Kodak Six-20 'Brownie' B
|Image Size||:||2¼ x 3¼ in|
|Focus Type||:||Fixed + portrait & group|
|Focus Range||:||8ft to inf, portrait 3ft - 8ft.|
|Aperture||:||f/11, f/16, f/22|
|Shutter Speeds||:||B,I(1/30 sec)|
|Size (w x h x d)||:||85 x 107 x 110 mm|
Art Deco Credentials
Significant: Pronounced and self evident
- Produced during the main Art Deco period.
- 'Kodak Girl' vertical stripe to front panel.
- Chrome plated and enamel used for front panel.
- Decorative case latches.
- Bright chrome winder.
- Pig skin patterned leatherette.
The Kodak Six-20 'Brownie' B is a box-type camera from the 1930s with an Art Deco facade. The Model B follows an original version from 1934 which had a more rounded case and opened in two halves.
There is a shutter release and a small B-I shutter selector on the side. On the early model the B-I shutter selector was around the lens. The other controls are arranged around the lens with two levers giving a choice of three distances and three apertures - labelled 'f11', '16' and '22 (B Only) See Manual'. Of course, with modern films, the manual isn't particularly useful in terms of exposure. f/22 can be used on a sunny day using instant mode without problem.
How to Use
This camera takes 620 film which is still available from selected photographic outlets. Although the actual film is the same as 120 film, the spools are different. The 620 spools are slightly shorter and have a smaller diameter. Do not use 120 film in this camera because it will jam and may snap. It is possible to cut down a spool of 120 film to fit or to re-spool some 120 film onto 620 spools in a darkroom or changing bag.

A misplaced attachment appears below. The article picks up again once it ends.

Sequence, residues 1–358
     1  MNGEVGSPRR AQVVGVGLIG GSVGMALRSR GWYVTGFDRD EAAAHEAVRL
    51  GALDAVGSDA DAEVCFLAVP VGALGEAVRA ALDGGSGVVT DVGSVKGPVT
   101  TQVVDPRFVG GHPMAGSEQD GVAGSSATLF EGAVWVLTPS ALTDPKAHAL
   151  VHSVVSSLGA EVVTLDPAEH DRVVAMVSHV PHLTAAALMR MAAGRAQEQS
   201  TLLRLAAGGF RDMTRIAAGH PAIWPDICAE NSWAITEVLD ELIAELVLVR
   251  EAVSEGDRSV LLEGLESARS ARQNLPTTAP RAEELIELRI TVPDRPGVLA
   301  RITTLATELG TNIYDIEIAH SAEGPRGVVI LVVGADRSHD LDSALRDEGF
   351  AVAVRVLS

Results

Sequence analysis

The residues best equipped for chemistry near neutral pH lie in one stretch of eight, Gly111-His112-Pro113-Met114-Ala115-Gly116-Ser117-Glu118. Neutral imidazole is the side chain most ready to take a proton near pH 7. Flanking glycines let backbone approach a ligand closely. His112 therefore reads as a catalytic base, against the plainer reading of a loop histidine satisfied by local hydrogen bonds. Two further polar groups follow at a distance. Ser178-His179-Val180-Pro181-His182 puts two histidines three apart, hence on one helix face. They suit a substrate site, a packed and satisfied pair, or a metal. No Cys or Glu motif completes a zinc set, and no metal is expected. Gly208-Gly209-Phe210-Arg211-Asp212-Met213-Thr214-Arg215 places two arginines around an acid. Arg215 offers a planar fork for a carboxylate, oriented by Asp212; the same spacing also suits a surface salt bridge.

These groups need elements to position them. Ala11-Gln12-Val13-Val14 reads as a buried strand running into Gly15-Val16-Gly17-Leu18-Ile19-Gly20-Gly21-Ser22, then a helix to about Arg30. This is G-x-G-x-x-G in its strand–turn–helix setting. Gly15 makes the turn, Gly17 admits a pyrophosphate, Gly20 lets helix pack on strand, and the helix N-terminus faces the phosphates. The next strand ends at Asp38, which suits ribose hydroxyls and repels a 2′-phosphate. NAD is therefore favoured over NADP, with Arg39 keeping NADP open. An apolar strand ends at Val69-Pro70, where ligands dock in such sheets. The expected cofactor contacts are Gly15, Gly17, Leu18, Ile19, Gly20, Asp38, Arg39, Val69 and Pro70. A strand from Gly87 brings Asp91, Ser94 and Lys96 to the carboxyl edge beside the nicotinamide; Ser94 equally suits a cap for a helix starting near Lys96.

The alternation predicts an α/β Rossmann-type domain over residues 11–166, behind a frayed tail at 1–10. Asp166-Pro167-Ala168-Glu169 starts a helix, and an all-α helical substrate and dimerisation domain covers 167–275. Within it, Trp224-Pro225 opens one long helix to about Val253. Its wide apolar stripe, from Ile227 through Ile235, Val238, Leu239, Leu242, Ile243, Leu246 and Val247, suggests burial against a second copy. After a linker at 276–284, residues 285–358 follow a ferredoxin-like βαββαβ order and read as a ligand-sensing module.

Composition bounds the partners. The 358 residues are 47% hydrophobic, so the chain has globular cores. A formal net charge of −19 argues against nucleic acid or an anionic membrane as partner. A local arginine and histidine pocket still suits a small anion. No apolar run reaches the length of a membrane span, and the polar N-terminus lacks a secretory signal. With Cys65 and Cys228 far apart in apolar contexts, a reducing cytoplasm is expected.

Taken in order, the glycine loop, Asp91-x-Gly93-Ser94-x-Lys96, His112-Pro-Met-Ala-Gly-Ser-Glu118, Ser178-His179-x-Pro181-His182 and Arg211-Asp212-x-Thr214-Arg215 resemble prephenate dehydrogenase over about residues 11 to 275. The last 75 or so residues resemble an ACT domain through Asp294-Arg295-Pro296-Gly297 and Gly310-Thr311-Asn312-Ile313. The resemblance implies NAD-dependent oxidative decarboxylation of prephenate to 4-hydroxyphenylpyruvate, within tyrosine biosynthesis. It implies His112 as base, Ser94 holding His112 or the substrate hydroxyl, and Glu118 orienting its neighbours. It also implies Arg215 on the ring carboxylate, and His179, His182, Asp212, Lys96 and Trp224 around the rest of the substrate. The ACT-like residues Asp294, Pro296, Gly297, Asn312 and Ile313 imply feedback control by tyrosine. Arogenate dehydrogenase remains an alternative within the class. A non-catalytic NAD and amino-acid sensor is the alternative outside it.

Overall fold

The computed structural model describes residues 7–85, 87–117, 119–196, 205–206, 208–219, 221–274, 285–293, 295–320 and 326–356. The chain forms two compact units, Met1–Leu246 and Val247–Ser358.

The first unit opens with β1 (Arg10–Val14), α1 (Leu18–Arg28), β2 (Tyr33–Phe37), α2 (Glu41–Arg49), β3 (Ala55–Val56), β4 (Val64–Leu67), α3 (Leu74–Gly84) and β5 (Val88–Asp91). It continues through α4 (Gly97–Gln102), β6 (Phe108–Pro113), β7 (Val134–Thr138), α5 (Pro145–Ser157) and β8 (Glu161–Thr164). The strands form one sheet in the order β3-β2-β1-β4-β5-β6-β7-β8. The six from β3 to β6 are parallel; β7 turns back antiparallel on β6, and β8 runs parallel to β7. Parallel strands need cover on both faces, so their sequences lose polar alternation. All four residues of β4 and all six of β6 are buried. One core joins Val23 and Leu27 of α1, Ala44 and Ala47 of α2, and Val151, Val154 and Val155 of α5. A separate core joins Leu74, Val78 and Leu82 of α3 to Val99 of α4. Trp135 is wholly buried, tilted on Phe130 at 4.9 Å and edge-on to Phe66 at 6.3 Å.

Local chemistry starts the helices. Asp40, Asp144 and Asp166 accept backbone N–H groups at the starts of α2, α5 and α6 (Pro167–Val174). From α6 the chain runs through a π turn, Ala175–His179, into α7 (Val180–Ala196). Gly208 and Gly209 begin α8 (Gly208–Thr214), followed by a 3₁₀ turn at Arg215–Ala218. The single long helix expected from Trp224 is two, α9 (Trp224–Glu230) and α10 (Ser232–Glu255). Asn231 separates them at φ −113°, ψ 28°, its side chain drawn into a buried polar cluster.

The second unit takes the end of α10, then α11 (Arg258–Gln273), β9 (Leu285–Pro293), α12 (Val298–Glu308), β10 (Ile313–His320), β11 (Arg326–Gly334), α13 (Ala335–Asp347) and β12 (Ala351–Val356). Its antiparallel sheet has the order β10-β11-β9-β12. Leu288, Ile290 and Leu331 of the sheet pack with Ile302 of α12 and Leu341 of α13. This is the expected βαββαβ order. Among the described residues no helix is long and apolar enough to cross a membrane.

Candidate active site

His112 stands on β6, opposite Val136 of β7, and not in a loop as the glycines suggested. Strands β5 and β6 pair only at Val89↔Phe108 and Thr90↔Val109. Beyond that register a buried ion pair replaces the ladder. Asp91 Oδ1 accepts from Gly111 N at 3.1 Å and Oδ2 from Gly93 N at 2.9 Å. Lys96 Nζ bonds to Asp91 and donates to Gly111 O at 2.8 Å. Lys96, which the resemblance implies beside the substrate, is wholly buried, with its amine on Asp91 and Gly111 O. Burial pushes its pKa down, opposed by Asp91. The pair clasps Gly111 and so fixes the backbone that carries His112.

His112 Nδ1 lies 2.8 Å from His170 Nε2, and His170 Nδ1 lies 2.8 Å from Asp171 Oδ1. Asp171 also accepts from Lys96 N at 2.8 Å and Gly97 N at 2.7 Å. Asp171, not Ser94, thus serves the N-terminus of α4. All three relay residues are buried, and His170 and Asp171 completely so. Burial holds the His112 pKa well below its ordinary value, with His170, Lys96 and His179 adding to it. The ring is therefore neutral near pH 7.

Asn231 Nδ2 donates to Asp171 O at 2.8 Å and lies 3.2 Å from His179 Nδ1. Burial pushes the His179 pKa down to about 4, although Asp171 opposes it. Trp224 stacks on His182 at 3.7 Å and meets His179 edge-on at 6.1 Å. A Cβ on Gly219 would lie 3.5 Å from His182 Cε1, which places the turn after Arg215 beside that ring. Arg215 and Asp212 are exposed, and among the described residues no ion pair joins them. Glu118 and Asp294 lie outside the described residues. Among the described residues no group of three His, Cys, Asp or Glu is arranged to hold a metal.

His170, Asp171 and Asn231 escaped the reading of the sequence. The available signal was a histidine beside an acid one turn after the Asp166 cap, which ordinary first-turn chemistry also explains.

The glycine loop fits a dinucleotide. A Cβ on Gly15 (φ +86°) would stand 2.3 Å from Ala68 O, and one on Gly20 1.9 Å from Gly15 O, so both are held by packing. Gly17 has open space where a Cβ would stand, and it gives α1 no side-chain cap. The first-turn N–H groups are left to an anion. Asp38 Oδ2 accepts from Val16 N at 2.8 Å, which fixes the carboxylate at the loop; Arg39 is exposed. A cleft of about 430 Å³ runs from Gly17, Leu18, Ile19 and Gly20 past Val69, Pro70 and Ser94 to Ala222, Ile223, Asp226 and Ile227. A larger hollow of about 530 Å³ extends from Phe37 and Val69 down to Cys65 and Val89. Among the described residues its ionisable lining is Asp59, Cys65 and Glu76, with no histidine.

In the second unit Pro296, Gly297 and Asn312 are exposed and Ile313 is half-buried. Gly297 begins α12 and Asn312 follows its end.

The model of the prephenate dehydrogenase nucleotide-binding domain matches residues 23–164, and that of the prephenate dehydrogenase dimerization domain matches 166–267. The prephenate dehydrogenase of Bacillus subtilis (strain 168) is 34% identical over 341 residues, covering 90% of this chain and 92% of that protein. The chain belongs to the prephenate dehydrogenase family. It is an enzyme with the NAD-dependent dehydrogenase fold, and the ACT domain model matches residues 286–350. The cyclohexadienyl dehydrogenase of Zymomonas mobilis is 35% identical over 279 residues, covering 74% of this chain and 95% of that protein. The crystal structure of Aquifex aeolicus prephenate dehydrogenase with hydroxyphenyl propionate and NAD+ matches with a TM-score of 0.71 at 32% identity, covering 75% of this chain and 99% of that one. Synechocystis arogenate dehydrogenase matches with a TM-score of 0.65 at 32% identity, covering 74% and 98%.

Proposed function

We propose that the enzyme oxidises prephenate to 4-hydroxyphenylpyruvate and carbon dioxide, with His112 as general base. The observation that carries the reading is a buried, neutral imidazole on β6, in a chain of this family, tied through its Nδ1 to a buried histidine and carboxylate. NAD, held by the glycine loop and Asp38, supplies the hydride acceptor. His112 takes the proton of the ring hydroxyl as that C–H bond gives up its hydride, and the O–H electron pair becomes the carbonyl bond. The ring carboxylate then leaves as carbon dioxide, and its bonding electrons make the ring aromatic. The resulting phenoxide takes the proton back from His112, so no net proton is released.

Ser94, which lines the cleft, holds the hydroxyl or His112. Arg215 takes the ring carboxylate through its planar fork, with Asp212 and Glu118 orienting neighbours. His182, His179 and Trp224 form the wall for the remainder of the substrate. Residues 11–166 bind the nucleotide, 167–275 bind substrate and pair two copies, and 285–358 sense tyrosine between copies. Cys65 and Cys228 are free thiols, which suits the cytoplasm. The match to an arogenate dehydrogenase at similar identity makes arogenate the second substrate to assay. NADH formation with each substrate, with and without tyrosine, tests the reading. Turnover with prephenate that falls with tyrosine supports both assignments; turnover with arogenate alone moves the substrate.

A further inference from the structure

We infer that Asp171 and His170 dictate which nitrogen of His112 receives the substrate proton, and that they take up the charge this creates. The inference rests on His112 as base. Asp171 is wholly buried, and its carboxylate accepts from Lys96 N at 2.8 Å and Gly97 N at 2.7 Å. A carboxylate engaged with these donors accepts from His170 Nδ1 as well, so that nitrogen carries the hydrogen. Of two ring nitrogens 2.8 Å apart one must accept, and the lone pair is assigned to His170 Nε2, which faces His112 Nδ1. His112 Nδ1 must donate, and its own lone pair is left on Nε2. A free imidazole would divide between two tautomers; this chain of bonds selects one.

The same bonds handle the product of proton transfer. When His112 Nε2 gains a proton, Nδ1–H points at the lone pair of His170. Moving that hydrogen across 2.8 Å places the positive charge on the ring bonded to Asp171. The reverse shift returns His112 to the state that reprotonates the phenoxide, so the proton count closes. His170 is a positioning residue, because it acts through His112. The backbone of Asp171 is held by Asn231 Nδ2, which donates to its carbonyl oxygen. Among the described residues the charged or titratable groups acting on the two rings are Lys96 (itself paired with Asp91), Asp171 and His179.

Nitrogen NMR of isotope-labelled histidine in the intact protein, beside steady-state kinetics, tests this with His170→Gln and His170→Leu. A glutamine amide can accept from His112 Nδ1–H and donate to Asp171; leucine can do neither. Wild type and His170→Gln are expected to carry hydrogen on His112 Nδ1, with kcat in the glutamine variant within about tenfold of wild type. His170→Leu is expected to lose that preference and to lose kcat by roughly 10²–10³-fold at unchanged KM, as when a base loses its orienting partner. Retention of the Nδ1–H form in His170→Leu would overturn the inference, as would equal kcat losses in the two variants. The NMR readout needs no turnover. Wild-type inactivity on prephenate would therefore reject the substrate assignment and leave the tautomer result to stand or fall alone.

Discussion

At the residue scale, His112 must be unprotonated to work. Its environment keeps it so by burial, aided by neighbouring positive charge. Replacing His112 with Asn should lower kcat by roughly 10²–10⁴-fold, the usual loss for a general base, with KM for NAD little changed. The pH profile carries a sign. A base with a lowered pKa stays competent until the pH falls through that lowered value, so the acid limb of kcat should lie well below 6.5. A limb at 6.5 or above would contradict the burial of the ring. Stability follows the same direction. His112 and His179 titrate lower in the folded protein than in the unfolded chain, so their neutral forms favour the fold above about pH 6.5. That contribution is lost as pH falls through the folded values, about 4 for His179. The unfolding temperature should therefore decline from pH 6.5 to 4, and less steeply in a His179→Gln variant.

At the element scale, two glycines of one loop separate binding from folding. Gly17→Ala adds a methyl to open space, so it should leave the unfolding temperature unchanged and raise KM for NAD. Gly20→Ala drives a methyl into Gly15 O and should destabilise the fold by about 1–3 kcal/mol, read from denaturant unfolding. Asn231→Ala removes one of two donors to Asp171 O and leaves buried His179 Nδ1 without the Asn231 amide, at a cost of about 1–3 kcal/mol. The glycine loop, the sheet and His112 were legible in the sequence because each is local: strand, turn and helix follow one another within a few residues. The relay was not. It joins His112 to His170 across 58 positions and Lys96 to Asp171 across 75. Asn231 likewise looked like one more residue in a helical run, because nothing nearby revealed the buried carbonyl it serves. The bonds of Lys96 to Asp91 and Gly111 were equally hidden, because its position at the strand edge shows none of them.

As the shutter speed is only 1/30s, it is advisable to use a tripod to get clear shake free images. However, holding it against a wall or other solid object would work as well. For quick snapshots, hold it firmly against your body.
If you don't want to bother with an exposure meter, follow the guide shown. It is based on the 'Sunny 16' rule. Film is so forgiving and will produce acceptable results even when overexposed by 2 or 3 stops or underexposed by 1 stop.
The tables shown assumes the shutter speed is about 1/30s. If you are not sure about the light level, err on the side of overexposure - i.e. assume the lower light level.
The tables also assume that the sun is at least 30 degrees above the horizon - that's 10am - 5pm on a summers day in the UK.
Using ISO 100 film - shutter speed 1/30s
|Weather Conditions||Shadow Detail||Aperture||Exposure|
with sharp edges
|Slight Overcast||Soft around edges||f/22||Good|
Photographs taken with this Camera
Images using re-spooled Fuji Neopan Acros 120 ISO 100 on to 620 spools